The melody came first.
Published in Paris, in 1761. It was titled “Ah! Vous Dirai-Je, Maman.” (“Oh! Shall I Tell You, Mummy”) from a collection called Les Amusements dune Heure et Demy.
Then the words.
From a poem called “The Star,” written by Jane Taylor (1783-1824), an English poet. It was published in 1806 in a collection called Rhymes for the Nursery.
Here’s how “The Star” looked in an American edition of Rhymes for the Nursery, published in 1849.
And finally, the song.
“Ah! Vous Dirai-Je, Maman” and “The Star” were first published together as “Twinkle, Twinkle, Little Star” in The Singing Master: First Class Tune-Book, Second Edition, by William Edward Hickson, in London, 1838.
Here’s how it looked in an edition from 1840.
The melody proved to be rather popular, well before becoming “Twinkle, Twinkle…”
Wolfgang Amadeus Mozart (1756-1791) wrote “Twelve Variations on ‘Ah! Vous Dirai-Je, Maman'” K.265/300e, in 1781/1782. It was published in Vienna in 1785.
Here’s a contemporary performance by pianist Christoph Eschenbach.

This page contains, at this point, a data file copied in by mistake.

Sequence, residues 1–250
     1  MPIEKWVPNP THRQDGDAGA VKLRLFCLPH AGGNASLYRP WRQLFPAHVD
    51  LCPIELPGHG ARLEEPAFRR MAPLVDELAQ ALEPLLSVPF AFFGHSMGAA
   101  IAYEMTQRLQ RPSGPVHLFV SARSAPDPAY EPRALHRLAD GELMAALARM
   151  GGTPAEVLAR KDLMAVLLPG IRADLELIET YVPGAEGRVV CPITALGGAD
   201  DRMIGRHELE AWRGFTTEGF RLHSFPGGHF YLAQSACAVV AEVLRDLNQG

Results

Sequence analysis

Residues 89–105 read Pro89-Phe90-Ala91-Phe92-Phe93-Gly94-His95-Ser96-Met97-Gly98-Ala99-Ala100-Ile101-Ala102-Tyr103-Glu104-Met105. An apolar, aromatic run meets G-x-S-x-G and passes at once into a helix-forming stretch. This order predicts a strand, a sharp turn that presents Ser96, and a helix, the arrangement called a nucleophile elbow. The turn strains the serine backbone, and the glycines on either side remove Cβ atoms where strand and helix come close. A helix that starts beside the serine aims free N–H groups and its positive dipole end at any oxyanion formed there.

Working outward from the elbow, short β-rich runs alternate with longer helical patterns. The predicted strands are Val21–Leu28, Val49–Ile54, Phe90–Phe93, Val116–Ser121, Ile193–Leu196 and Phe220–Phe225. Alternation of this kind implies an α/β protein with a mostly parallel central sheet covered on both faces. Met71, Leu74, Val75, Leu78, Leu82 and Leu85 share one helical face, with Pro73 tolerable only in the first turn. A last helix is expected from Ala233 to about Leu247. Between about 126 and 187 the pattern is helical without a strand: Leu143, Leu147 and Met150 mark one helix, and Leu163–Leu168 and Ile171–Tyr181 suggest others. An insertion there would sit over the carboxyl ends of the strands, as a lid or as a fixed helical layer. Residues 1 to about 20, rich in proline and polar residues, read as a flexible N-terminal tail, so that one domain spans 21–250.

Give a listen! It’s quite the piece.
Also, Ludwig van Beethoven (1770-1827) performed an improvisation on “Ah, Vous Dirai-Je, Maman” in a public concert in Prague in October, 1798. (He also played his Piano Concerto, No. 1 in C major, Op. 15 and two movements from his Piano Sonata No. 2 in A major, Op. 2, No. 2. in that concert.)
The melody has been published with several other texts. Two of the best known are…
“A B C D E F G,” (aka “The ABC Song”) first published in Germany in 1824; then in the United States (where it went under the title “The Schoolmaster”) in 1834 and…
“Bah, Bah, Black Sheep” published in the U.S. in 1879.
Way back in my Folk-singer-on-a-Fall-weekend-at-the-apple-orchard days, I used to do a crowd-pleasing medley of “Twinkle, Twinkle, Little Star,” “The ABC Song” and “Bah, Bah, Black Sheep.”
Then I discovered a songbook with a transcription of “Twinkle, Twinkle…” that had four verses! This was an actual song! I made a copy of the page of lyrics…
…and never wrote down the title of the book it came from!
Those four verses – whoever adapted them from the original – made for a very nice arrangement that these days goes like this.
So. Is this all a rather big to-do for a little kid’s song?
Well, I don’t think that “Twinkle, Twinkle, Little Star” is a little kid’s song.
I think it’s an everybody song.
My original blog motto is: “Good music doesn’t get old.”
Maybe I should change it to: “Good music is ageless.”
Most of the information used in the writing of this post is from: The Book of World-Famous Music: Classical, Popular and Folk, Fifth Edition, Revised and Enlarged (2000) by James J. Fuld.